Booming is business

Bad Astronomy
The entire universe in blog form
March 12 2009 7:41 AM

Booming is business

Something seems to be shaking up America. Literally.

Last Saturday, people in New York reported hearing a loud boom, like a sonic boom. Houses shook, and a woman reported seeing a yellow streak across the sky.

Phil Plait Phil Plait

Phil Plait writes Slate’s Bad Astronomy blog and is an astronomer, public speaker, science evangelizer, and author of Death From the Skies!  

Advertisement

The news is reporting it as a potential meteor (they actually say "meteorite", but that's what they're called only after they reach the ground). That's certainly possible; if it got low enough it could create a sonic boom. Still, it's not completely certain. Meteors are pretty common; if you go outside in a dark site for an hour you're likely to see several. So the woman's report may be coincidence; anything big enough to make a sonic boom would have been a lot more dramatic than "...a yellow light streaking across the sky." But they didn't directly quote the woman so I don't know just how bright this was.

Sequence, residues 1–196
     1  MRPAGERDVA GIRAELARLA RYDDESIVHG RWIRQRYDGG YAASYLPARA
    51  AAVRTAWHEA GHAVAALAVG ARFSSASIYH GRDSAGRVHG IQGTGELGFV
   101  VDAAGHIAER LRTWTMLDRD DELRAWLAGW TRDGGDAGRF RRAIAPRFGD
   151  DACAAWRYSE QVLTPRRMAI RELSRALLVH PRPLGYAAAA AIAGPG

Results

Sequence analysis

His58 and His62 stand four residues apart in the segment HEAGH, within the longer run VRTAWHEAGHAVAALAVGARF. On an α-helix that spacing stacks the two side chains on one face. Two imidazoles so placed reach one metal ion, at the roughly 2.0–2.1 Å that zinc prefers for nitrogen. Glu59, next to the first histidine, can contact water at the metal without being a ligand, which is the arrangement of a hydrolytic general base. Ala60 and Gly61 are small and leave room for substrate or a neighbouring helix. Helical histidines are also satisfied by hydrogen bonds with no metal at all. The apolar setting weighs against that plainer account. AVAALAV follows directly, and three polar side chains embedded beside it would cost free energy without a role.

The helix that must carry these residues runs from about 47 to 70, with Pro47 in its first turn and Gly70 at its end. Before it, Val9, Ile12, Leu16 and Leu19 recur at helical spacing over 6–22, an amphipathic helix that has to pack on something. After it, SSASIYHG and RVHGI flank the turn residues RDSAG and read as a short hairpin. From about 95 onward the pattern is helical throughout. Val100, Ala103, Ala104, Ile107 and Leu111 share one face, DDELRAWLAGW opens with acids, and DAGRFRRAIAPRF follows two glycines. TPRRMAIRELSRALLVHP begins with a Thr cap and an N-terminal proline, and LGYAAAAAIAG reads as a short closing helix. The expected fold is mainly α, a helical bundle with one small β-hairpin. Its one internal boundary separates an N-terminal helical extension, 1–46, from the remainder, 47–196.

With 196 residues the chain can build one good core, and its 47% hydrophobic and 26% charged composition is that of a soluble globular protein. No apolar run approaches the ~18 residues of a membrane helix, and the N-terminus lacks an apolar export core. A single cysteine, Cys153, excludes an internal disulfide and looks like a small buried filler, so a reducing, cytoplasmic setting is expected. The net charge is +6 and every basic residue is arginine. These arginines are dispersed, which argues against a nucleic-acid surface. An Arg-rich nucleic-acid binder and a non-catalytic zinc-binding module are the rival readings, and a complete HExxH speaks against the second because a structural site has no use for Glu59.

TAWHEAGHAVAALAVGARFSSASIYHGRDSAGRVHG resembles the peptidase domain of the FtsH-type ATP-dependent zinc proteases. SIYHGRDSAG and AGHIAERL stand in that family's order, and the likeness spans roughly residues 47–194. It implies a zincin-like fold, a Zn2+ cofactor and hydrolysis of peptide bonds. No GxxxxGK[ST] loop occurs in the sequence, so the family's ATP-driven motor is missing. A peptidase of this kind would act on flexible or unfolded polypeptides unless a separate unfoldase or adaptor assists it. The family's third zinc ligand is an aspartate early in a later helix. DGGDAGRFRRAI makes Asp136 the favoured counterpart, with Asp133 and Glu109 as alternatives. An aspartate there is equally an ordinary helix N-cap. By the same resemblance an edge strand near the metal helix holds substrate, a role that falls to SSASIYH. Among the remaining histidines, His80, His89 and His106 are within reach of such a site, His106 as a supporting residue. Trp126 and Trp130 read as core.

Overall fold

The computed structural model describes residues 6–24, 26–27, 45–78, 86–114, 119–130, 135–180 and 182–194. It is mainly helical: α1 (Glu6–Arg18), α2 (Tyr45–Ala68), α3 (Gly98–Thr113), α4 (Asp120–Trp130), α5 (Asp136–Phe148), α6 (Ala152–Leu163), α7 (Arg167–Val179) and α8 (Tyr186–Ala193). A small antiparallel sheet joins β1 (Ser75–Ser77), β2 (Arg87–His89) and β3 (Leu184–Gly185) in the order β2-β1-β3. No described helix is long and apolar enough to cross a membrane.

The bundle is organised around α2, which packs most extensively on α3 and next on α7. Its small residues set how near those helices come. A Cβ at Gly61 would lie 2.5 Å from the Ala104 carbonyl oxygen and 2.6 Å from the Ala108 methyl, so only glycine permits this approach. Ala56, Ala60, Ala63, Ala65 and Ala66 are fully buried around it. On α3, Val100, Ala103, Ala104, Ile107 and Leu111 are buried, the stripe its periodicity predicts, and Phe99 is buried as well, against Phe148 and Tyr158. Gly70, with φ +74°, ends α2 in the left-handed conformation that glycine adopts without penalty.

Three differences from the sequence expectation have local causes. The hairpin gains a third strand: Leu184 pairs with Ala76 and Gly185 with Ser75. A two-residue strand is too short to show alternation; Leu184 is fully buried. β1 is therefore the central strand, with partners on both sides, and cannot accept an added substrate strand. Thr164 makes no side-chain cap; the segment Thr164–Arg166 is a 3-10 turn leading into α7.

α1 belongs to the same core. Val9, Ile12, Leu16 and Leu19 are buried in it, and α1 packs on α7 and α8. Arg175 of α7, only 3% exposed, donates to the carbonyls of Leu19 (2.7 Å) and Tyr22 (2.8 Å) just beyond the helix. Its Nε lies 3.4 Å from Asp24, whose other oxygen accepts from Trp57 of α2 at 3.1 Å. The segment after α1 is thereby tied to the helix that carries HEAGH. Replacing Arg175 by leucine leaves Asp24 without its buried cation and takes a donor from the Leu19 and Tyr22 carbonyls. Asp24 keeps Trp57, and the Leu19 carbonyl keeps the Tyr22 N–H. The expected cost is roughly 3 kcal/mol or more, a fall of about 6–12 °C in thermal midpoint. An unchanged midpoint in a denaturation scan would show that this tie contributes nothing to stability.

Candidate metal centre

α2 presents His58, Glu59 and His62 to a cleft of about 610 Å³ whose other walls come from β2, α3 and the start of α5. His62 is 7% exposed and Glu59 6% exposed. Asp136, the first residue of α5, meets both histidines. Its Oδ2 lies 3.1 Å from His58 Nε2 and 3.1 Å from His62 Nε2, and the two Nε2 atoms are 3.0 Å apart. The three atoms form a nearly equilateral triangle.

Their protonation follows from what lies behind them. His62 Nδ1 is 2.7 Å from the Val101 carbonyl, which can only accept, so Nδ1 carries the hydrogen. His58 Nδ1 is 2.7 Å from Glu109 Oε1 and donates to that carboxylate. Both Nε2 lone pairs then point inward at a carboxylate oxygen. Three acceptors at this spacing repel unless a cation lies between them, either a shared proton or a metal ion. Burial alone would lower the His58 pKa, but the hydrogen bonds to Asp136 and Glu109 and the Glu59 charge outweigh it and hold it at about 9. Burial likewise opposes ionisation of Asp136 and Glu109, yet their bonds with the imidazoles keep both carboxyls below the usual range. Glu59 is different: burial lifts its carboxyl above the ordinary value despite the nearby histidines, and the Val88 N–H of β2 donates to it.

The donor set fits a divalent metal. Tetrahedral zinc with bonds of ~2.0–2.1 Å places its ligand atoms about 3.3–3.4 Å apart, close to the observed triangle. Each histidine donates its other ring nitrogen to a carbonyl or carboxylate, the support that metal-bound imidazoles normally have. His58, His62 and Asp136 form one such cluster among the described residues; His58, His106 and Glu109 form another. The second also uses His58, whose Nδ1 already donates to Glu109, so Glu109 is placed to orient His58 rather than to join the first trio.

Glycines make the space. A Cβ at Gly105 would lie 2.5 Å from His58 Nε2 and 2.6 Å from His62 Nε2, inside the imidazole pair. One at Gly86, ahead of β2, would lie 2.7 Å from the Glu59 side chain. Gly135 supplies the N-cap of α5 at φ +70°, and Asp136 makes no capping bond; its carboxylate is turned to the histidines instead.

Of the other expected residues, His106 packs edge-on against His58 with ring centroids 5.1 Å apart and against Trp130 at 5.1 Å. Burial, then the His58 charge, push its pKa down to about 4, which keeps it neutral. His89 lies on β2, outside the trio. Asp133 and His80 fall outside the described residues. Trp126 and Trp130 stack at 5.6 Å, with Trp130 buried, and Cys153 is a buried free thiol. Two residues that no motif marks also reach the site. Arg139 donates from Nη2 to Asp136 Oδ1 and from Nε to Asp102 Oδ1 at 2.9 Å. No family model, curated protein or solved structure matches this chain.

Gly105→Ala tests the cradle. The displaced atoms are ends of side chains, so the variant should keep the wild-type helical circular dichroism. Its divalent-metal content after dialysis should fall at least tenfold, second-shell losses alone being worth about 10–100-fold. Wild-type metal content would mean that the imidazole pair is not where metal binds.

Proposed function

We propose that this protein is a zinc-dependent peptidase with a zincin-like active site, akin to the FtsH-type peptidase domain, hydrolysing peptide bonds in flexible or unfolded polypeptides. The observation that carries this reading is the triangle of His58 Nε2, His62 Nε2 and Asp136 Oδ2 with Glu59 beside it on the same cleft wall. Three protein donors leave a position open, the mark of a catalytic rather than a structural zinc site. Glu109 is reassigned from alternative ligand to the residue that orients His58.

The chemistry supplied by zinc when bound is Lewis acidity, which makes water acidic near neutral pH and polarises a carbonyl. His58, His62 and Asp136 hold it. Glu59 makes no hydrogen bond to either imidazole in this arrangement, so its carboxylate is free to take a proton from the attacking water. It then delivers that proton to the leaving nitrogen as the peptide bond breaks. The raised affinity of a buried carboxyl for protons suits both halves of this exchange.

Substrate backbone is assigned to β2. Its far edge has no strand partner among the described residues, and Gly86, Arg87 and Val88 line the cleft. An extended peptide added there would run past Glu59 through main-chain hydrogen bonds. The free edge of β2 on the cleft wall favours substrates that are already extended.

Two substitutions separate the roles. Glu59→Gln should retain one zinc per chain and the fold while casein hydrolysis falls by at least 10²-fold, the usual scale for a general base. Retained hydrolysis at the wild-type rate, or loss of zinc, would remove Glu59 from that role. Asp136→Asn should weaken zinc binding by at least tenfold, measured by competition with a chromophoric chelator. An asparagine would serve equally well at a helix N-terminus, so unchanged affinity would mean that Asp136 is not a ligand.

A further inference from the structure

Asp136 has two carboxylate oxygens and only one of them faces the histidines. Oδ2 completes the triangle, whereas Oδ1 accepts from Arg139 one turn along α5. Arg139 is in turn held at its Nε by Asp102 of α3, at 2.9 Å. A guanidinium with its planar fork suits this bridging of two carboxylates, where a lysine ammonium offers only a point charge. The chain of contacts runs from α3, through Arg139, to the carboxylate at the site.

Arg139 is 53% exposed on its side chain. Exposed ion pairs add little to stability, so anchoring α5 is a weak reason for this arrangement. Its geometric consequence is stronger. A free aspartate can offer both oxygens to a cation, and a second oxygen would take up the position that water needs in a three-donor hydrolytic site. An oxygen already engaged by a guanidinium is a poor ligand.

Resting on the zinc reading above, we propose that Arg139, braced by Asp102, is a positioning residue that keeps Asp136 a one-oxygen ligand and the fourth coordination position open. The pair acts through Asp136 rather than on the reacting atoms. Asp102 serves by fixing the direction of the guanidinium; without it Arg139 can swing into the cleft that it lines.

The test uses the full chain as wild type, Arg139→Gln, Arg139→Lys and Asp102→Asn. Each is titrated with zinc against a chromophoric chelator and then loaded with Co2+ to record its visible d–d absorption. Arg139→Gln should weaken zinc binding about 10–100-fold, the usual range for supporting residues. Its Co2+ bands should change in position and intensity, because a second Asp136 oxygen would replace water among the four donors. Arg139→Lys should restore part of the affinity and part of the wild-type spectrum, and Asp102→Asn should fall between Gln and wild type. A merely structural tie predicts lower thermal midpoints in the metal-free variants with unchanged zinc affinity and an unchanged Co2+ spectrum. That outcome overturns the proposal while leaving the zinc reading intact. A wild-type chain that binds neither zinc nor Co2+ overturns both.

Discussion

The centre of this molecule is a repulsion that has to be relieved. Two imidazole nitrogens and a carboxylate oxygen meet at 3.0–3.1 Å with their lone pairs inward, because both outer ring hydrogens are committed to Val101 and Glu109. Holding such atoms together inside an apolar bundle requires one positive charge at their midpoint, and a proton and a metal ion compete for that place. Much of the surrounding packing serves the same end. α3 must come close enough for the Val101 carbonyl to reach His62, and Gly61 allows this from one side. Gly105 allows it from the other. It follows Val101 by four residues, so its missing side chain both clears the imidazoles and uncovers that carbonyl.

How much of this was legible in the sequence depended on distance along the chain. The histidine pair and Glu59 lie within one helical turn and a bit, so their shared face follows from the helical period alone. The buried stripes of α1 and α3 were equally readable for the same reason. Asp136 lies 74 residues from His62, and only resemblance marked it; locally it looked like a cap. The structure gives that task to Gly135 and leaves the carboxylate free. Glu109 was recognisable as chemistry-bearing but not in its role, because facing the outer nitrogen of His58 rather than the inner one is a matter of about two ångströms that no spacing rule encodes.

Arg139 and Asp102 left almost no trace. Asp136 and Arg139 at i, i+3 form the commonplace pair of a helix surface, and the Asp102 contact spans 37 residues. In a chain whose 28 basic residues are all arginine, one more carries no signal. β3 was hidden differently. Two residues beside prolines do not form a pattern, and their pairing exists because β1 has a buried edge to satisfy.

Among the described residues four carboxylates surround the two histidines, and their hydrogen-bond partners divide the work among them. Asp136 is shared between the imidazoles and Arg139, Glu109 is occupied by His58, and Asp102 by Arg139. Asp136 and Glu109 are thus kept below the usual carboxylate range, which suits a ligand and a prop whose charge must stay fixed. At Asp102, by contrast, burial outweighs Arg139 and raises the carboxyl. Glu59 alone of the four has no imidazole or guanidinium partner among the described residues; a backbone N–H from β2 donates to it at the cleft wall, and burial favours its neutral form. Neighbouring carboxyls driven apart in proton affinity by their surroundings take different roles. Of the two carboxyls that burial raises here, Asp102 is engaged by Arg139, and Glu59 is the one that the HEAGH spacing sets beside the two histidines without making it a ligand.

The article does say Doppler radar shows something that looks like it could have been a meteor, though, so this is an interesting story. They also said another boom was heard in a nearby area Monday morning as well.

And that's not all! In southern California last Wednesday there were also reports of a loud boom. Apparently there were no earthquakes reported, and there were no military planes going supersonic. This time there are no reports of meteors that I have found.

Are we under attack? I've been getting email from people asking if this activity is unusual, but I don't think it is. I think that it's happening all the time, but people are noticing it more due to the way we get information. The internet is almost instantaneous now, with email and social networks like Twitter able to spread news in literally seconds and minutes.

Plus, still and video cameras are a lot more common, so we see more footage of meteors as well, with bright fireballs like the one over Texas recently grabbing headlines. So it's not necessarily that it's happening more often, but that we're seeing and hearing about it more.

So if you hear a loud noise some night, or witness a bright fireball, don't panic! Grab your camera instead.

  Slate Plus
Slate Picks
Dec. 19 2014 4:15 PM What Happened at Slate This Week? Staff writer Lily Hay Newman shares what stories intrigued her at the magazine this week.